“When we [Jamaicans] came up to Guelph, we were proud students. We were not ashamed of our heritage; we showed it at every instance.”
Although race impacted his social life at times, he did make many dear friends at OAC. Of note was the friendship he built with classmate Bill Arkinstall.
“We are now brothers. His home became my home, and today when I speak to multicultural groups, I frequently refer to the Arkinstall family as an example of what Canadian citizenship is all about, what Canadian openness is all about,” says Des.
Bill’s family welcomed Des into their home on weekends and for holidays, and Bill introduced Des to Junior Farmers and square dancing. “I can now honour my partner with a do-si-do,” Des says.
Through Arkinstall’s friends, he met the love of his life Joan, a schoolteacher whom he would later marry. Together Joan and Des raised three daughters.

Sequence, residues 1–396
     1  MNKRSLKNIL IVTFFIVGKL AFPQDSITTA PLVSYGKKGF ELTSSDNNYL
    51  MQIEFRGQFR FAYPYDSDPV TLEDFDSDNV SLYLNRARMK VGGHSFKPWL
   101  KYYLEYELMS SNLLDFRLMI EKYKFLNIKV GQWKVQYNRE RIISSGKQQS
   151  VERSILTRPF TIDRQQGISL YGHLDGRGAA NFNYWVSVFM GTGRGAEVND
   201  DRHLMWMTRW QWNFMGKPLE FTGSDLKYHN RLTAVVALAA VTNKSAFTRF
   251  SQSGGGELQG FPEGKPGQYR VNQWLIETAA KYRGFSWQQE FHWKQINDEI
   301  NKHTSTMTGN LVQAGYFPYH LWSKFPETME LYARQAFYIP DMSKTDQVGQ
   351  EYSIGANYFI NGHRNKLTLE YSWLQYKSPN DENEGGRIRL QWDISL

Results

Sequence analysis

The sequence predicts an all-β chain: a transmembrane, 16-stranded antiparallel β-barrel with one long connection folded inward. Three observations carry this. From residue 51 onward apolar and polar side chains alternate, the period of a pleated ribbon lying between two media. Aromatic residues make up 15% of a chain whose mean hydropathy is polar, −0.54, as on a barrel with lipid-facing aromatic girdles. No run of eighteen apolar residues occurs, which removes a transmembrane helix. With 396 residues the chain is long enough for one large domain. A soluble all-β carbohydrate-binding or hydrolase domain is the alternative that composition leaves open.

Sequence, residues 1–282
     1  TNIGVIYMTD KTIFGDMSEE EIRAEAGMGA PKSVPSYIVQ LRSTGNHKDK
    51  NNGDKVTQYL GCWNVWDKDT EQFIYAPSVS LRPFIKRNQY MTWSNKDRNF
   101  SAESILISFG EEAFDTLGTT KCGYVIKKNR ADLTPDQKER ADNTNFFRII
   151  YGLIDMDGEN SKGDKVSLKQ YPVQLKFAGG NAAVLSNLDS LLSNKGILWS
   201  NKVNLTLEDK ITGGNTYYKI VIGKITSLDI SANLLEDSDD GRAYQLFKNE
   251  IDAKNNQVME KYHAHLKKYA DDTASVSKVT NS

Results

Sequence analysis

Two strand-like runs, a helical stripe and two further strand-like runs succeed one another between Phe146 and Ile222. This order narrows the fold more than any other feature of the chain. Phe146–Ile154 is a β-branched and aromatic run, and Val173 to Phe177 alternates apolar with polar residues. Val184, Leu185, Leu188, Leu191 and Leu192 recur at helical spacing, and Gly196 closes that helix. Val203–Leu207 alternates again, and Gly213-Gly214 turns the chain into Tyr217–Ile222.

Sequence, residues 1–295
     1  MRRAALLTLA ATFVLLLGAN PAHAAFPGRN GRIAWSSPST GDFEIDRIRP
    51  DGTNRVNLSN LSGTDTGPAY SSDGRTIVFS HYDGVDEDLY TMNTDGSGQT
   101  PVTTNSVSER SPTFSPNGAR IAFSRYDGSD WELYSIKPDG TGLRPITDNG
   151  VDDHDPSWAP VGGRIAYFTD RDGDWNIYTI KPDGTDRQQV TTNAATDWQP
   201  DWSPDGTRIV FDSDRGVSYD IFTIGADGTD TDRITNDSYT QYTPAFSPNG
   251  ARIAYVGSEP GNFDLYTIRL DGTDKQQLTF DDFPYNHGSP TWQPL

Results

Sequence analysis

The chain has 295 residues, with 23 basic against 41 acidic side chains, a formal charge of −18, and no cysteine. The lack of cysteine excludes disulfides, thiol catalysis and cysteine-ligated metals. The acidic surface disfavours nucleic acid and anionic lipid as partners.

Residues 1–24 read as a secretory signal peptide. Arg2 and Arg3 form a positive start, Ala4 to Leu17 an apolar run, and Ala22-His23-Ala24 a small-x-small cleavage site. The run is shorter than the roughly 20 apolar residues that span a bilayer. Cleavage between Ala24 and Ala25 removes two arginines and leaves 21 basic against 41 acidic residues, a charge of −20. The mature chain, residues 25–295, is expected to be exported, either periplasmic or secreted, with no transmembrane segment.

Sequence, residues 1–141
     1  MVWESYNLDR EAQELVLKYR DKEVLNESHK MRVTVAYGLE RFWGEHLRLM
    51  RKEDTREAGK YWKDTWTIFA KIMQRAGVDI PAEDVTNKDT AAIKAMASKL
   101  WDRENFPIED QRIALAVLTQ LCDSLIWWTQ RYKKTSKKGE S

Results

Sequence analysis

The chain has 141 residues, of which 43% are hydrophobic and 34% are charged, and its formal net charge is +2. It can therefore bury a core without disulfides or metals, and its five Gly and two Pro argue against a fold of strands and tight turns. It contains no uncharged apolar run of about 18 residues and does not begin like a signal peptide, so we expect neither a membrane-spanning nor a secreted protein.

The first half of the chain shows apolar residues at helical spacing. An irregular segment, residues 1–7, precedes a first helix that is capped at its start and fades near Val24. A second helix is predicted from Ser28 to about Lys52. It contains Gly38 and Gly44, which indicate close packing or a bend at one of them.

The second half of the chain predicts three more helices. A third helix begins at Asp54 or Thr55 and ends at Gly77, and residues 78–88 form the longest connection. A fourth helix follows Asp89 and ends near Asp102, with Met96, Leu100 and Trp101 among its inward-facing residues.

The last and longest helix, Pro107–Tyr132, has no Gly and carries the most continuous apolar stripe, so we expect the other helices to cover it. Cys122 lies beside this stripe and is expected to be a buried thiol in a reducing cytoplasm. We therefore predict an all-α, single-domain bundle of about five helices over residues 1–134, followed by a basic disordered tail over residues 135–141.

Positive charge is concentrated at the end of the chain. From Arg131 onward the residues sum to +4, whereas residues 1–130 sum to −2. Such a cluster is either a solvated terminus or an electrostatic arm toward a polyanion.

During his time at OAC, Des also fell in love with agricultural economic development. Following his master’s, he decided to pursue his PhD at Berkeley in California, but he didn’t stay long.
“This was the turbulent 1960s of student unrest, and I found that I wasn’t completely happy with my selection, but more critically I was missing Joan.”
Back in Canada, he studied and taught throughout the country before interviewing for a contract with the United Nations Development Program.
“We really didn’t know exactly where Malawi was, but off we went – my wife, myself, our three young daughters and our dog.”
From 1967 to 1970, he was the economist on an interdisciplinary team designing a major irrigation development. He returned to teach in Truro, N.S., until another inter-national opportunity knocked on his door. He joined a Canadian economic development planning team working in Uganda.